The Director Has No Clothes (feat. Josh Spiegel) | Episode 78
Posted December 1, 2017
If you've seen "The Room," you know it transcends the filmic category of "so bad it's good." There's a sense of tragedy, ambition, and madness all bubbling somewhere in that 2003 cult phenomenon, a phenomenon celebrated and investigated by James Franco's new drama/comedy, "The Disaster Artist."
This week, with the help of film critic and Mousterpiece Cinema host Josh Spiegel, we dig into three films about movie directors producing real trash and dragging along bands of confused conspirators. We watched "The Disaster Artist", "Ed Wood," and "Bowfinger" to examine the psyches of directors, real and fictional, who maybe should have called "cut" on the whole project.
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2:30 - Your hosts recount seeing the "The Room" on the day they met.
6:50 - Chance and Noah dig into "The Disaster Artist," weighing whether James Franco playing Tommy Wiseau pushes beyond caricature.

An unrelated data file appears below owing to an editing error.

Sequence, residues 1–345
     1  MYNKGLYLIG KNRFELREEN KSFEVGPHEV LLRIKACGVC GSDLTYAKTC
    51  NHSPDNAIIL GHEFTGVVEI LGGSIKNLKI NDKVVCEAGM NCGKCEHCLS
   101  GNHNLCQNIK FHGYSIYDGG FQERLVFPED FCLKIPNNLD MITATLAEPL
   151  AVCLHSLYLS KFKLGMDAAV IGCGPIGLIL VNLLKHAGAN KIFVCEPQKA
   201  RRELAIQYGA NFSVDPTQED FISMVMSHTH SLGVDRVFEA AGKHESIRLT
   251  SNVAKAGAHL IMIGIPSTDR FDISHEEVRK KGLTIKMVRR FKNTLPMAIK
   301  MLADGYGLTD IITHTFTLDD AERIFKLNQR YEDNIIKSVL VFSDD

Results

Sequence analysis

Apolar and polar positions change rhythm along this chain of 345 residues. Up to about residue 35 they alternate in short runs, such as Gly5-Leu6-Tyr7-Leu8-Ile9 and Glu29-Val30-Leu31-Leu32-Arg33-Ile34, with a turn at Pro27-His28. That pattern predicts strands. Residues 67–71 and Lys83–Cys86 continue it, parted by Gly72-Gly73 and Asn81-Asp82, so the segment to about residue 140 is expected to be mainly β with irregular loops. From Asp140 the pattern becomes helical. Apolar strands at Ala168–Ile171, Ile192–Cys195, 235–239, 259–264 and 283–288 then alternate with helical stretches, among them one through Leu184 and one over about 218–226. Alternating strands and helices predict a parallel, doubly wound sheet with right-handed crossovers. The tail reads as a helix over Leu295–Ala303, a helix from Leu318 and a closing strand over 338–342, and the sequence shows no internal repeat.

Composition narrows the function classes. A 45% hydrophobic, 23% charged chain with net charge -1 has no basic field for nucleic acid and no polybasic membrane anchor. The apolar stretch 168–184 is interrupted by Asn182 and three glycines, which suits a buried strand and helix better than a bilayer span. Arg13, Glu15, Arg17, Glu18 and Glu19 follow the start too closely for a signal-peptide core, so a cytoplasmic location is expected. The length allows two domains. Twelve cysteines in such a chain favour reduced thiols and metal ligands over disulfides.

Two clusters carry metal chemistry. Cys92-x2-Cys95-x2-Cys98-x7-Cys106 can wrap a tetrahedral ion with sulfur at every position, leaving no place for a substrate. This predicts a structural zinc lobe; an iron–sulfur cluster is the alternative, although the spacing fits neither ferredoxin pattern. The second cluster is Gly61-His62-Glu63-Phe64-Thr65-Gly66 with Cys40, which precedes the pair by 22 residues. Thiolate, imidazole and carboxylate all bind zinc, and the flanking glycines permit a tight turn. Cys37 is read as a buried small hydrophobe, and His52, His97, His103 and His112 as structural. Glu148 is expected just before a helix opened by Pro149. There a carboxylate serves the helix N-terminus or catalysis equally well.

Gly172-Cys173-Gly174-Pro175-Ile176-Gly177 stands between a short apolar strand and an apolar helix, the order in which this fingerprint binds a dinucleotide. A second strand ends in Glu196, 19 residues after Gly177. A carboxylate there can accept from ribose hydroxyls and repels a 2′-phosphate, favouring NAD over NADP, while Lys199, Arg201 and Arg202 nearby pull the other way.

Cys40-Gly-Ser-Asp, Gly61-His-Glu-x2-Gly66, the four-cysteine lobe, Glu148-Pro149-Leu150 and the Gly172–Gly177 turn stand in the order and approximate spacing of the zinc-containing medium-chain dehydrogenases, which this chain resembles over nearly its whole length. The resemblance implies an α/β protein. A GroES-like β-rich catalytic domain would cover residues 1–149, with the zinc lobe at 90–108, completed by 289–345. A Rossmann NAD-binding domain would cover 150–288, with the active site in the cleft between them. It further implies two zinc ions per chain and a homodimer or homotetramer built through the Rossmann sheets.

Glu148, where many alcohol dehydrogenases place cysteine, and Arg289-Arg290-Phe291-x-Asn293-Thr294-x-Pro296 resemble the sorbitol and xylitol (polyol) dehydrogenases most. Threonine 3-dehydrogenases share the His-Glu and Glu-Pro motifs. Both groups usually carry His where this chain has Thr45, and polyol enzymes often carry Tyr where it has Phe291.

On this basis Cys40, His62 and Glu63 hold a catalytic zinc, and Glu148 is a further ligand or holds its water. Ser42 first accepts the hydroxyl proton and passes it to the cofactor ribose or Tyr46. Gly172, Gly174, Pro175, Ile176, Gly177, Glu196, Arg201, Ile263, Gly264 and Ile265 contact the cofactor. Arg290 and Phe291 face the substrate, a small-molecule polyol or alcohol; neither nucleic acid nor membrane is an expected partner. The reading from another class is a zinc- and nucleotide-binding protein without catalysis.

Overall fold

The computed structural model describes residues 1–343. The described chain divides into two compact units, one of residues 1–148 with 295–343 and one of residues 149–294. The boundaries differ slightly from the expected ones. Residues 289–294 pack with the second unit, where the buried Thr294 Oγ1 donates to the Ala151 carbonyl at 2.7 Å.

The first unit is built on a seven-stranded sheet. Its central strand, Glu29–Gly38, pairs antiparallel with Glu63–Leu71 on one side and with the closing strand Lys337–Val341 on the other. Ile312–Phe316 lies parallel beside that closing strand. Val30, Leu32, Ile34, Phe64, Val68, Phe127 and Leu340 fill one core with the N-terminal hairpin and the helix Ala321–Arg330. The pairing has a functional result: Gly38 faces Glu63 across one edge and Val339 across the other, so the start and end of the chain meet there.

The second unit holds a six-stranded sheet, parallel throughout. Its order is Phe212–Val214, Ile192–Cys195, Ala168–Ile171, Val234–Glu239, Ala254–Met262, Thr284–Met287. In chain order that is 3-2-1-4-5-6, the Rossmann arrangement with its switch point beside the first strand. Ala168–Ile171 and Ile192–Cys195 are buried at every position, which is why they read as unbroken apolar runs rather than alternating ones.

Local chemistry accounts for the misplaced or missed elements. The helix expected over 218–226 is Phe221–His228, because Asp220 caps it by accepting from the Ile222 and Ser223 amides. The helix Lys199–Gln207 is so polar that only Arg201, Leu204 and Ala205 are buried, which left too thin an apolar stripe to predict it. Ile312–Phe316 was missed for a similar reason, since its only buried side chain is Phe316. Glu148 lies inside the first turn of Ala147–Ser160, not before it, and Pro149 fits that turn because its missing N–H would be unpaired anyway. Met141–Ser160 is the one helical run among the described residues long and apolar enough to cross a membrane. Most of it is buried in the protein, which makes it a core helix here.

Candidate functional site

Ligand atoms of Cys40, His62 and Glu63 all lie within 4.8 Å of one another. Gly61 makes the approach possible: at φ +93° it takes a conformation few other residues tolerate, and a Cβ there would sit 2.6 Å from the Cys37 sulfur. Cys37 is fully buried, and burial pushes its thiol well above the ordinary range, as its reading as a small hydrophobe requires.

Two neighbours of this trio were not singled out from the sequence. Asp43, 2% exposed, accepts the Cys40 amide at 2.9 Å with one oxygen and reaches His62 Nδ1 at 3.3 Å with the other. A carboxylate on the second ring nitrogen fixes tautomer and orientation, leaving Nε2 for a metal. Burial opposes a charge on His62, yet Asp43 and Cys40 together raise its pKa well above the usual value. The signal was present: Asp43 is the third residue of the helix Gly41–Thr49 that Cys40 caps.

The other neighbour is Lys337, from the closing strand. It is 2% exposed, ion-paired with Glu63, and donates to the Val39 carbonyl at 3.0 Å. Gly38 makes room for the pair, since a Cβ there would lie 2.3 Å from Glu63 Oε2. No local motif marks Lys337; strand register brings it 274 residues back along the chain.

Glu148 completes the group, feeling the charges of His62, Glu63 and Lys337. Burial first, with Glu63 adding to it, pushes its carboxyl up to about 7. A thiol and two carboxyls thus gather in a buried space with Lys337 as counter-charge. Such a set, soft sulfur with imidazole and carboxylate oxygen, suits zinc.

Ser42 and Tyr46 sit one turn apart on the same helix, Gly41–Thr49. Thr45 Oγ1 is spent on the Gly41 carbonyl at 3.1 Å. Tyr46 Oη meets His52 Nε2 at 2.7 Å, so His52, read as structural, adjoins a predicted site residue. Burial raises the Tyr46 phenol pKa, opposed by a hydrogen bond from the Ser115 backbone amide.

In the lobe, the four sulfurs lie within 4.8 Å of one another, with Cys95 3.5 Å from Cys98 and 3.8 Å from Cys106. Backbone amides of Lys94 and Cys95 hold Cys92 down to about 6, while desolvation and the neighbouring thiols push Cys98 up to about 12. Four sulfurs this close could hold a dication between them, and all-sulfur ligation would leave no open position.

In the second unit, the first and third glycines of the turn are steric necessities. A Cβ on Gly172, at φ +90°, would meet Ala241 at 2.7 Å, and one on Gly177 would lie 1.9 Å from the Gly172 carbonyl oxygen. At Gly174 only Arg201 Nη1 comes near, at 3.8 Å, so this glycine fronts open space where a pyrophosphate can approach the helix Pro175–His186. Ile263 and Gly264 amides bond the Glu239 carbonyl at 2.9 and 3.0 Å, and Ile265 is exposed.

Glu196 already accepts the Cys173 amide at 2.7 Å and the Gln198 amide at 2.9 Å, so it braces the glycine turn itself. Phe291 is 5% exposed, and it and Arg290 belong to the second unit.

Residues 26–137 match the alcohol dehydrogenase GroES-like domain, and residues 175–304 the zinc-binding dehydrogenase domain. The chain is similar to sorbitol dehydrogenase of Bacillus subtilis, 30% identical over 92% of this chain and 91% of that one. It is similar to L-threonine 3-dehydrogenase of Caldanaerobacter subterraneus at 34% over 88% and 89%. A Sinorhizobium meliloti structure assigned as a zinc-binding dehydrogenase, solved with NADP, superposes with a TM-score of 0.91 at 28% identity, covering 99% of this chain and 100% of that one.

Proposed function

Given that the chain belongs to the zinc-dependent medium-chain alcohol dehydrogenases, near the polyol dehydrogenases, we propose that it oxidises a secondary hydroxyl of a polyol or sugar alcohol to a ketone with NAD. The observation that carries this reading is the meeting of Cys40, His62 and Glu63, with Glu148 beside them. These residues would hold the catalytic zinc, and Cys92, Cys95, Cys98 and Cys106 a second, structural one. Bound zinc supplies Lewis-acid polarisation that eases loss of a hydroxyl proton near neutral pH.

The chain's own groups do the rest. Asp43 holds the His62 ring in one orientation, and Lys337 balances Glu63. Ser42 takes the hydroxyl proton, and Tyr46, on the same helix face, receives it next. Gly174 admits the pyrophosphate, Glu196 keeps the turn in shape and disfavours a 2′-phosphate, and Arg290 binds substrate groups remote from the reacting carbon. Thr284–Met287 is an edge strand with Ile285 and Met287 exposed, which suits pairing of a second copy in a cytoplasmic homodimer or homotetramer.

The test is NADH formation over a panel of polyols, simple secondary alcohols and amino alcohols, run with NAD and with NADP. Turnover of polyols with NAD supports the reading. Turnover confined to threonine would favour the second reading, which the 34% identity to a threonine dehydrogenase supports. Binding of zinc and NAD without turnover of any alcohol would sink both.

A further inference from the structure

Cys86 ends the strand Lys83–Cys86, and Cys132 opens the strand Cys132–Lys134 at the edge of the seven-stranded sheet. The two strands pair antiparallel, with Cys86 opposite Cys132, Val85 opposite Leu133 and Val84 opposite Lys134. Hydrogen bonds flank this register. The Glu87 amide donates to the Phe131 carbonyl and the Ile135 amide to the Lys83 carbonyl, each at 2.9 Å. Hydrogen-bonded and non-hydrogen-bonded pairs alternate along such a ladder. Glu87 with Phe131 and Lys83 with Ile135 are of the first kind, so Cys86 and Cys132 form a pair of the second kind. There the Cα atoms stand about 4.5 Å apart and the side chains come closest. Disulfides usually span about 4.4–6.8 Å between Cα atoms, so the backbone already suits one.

23:30 - Chance calls up Josh Spiegel, host of the Mousterpiece Cinema podcast and contributor to Slash Film and The Hollywood Reporter. They discuss Josh's recent essay comparing "The Disaster Artist" and "Ed Wood" and try to parse out the levels of exploitation that exist for the cast of "The Room" today.
43:30 - Your hosts pick out their favorite moments of Martin Landau's incredible embodiment of Bela Lugosi in "Ed Wood" and try to decide where this 1994 film ranks in Tim Burton's filmography.
55:45 - We wrap up the show with 1999's "Bowfinger" and can't quite figure out what's going on behind or within Steve Martin's portrayal of a fictional, filmmaking huckster.
-review by Chance Solem-Pfeifer